McLellan also highlighted that once a state-sponsored actor is through that door, they are very hard to detect and even harder to evict.

“As states such as China, Russia, Iran, and North Korea continue to use cyber to advance the economic and political goals of their countries, it is even more important that businesses get the right controls and resources in place to protect, detect, and remediate attacks,” he said.

Another interesting discovery from the report was the misconfiguration and absence of fundamental security controls in the cloud. When businesses rushed their cloud migration and adoption due to the pandemic, many overlooked this, which can make it easier for cybercriminals. Multi-factor authentication (MFA) fatigue attacks – whereby an attacker bombards a user with access requests in an attempt to browbeat them into submission – were also on the rise.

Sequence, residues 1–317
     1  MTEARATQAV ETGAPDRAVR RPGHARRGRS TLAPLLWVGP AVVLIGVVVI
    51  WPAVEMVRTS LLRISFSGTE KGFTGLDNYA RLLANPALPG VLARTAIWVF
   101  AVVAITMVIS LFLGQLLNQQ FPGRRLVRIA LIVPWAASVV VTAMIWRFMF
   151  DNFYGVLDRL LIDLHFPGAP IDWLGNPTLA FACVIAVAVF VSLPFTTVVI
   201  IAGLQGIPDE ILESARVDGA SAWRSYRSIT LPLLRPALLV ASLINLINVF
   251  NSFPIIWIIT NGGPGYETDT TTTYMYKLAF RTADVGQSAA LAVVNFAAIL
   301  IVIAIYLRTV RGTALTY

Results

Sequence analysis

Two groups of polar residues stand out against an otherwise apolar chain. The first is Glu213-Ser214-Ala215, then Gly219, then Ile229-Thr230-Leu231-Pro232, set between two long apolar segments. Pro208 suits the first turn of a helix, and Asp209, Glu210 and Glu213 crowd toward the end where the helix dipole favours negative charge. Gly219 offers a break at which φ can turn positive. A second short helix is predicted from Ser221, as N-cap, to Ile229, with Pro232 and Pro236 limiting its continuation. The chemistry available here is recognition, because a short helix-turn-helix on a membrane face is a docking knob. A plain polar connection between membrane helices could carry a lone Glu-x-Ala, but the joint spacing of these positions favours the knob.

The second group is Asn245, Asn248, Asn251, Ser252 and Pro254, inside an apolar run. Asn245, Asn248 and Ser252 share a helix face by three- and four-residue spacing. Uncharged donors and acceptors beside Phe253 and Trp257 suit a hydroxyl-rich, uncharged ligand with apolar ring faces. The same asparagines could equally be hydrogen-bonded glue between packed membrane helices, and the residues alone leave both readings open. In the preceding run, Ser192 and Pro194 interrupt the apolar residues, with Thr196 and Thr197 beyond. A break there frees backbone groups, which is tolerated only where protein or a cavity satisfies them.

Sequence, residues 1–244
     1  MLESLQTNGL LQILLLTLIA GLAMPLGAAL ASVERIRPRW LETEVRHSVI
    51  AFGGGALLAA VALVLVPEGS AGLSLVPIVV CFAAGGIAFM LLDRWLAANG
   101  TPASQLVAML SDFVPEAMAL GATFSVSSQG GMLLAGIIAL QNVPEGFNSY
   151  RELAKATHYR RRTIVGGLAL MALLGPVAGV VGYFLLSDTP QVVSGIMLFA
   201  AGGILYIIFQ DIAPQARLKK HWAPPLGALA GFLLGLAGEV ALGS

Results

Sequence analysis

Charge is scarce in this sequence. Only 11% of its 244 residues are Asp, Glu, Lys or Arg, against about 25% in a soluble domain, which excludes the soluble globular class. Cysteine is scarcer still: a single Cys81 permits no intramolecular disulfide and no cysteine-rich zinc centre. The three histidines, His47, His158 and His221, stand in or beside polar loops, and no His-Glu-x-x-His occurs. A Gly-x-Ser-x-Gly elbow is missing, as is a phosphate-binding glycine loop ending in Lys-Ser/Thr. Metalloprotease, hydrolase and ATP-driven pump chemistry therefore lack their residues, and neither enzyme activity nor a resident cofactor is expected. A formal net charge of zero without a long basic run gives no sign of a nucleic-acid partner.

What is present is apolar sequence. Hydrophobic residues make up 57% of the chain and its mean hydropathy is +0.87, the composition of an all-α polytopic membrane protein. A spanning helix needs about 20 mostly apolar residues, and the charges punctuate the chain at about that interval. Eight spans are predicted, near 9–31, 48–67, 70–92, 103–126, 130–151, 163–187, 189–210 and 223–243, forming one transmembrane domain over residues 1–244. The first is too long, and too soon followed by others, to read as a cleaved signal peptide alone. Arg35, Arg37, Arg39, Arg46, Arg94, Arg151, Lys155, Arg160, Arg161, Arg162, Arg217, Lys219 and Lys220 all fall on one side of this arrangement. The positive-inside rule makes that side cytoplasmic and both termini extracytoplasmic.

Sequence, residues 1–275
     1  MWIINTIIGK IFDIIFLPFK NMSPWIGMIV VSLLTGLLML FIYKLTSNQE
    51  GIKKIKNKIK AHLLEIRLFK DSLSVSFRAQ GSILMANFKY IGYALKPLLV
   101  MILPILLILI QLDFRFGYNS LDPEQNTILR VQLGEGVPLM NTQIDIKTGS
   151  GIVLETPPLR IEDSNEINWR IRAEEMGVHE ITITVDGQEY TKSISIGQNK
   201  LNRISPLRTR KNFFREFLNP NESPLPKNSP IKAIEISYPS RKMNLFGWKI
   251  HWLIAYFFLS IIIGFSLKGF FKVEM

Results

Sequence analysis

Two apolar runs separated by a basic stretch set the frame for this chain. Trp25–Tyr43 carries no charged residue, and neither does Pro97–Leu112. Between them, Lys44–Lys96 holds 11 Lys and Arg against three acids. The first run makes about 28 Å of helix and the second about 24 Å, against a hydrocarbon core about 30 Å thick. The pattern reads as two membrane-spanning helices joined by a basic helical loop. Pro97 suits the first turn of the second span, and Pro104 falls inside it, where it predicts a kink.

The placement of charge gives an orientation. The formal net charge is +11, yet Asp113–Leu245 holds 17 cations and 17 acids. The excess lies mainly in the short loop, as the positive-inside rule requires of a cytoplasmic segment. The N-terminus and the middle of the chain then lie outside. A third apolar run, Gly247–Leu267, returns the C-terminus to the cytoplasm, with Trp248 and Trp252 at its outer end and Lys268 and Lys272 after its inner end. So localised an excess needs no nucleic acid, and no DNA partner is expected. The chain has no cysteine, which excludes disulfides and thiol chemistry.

As such, to optimize security posture, Secureworks recommends that organizations ensure they have comprehensive visibility and intelligence-driven detection across their host, network, and cloud environments. Granular recommendations that facilitate preventing future reoccurrence include centralized log retention and analysis across host, network and cloud resources and reputation-based web filtering and network detection for suspicious domains and IPs.